Opinion

Language and cultural identity

by
June 26, 2017

Uncle Graham Briggs, gives instruction on didgeridoo playing to GOTAFE ceo Paul Culpan while Ken McLellan and Luke Bromley give it a go too.

NAIDOC Week, which starts Sunday and runs until Sunday, July 9, celebrates the history, culture and achievements of Aboriginal and Torres Strait Islander peoples.

It is celebrated not only in indigenous communities, but by all Australians.

The importance, resilience and richness of Aboriginal and Torres Strait Islander languages will be the focus of national celebrations this year.

The 2017 theme ‘‘Our Languages Matter’’ aims to emphasise and celebrate the unique and essential role indigenous languages play in cultural identity, linking people to their land and water and in the transmission of Aboriginal and Torres Strait Islander history, spirituality and rites, through story and song.

Some 250 distinct indigenous language groups covered the continent at first (significant) European contact in the late 18th century.

Most of these languages would have had several dialects, so the total number of distinct varieties would have run to many hundreds.

Today only about 120 of those languages are still spoken and many are at risk of being lost as elders die.

National NAIDOC committee co-chair Anne Martin said languages were the breath of life for Aboriginal and Torres Strait Islander peoples and the theme would raise awareness of the status and importance of indigenous languages across the country.

‘‘Aboriginal and Torres Strait languages are not just a means of communication, they express knowledge about everything: law, geography, history, family and human relationships, philosophy, religion, anatomy, childcare, health, caring for country, astronomy, biology and food,’’ Ms Martin said.

‘‘Each language is associated with an area of land and has a deep spiritual significance and it is through their own languages that indigenous nations maintain their connection with their ancestors, land and law.’’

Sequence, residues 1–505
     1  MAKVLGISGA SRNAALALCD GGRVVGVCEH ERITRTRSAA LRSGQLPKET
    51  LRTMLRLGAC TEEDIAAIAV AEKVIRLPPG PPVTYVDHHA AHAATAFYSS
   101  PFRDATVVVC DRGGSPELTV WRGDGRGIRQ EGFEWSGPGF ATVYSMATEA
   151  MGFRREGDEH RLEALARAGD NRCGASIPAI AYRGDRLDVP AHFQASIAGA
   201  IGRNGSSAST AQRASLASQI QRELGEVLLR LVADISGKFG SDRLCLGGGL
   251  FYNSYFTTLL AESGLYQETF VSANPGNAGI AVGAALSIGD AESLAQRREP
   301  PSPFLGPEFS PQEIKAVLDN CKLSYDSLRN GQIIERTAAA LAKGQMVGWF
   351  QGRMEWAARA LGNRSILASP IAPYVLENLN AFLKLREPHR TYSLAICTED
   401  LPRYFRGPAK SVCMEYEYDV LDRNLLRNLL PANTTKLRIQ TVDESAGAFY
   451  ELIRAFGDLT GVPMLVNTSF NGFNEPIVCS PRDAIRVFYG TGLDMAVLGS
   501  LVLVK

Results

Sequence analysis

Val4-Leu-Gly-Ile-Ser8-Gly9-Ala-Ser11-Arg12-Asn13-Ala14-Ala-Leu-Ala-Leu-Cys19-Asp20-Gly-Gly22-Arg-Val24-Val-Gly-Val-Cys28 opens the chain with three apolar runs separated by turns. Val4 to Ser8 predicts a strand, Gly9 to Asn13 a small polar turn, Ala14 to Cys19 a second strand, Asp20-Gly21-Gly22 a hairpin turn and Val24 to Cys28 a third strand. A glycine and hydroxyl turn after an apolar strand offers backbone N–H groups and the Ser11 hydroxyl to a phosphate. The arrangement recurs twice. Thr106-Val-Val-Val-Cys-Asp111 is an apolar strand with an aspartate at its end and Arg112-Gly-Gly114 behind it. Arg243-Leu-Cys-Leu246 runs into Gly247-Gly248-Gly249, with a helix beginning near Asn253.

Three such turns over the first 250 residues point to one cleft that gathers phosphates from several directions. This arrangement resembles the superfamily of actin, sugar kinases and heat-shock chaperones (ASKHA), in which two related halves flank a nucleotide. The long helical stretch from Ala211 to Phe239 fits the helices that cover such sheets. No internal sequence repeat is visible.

Committee co-chair Benjamin Mitchell hopes the theme will highlight the programs and community groups working to preserve, revitalise or record indigenous languages and encourage all Australians to notice the use of indigenous languages in their community.

‘‘There is currently a wave of activity, with people in many communities working to learn more about their language, and to ensure they are passed on to the next generation before it is too late,’’ Mr Mitchell said.

In the Goulburn Valley, there is ongoing work on a local Yorta Yorta dictionary, and Yorta Yorta is being taught in a number of local schools.

‘‘Nationally, many place names for our suburbs, rivers, mountains and parks are indigenous language words,’’ Mr Mitchell said.

‘‘Noticing and paying attention to these words will generate greater appreciation and respect for the significance of language among all Australians.

‘‘The preservation and revitalisation of the Aboriginal and Torres Strait Islander languages — the original languages of this nation — is the preservation of priceless treasure, not just for indigenous peoples, but for everyone.’’

From NAIDOC.org.au

You can support NAIDOC Week locally by taking part in the following activities:

●Breakfast and flag raising at Rumbalara Aboriginal Co-operative, Rumbalara Rd, Mooroopna, on Monday, July3 starting at 8am.

●Melbourne University’s Rural Health department guided tour of The Flats with Uncle Leon Saunders at 11.30am on Tuesday, July 4, at The Connection (on the causeway) followed by a light lunch and conversation. To register go to www.trybooking.com/290624

To check out what’s happening around the state go to http://vicnaidoc.com/

To find out more about NAIDOC Week and in particular the role of Uncle William Cooper in its origins go to www.naidoc.org.au/about/naidoc-history

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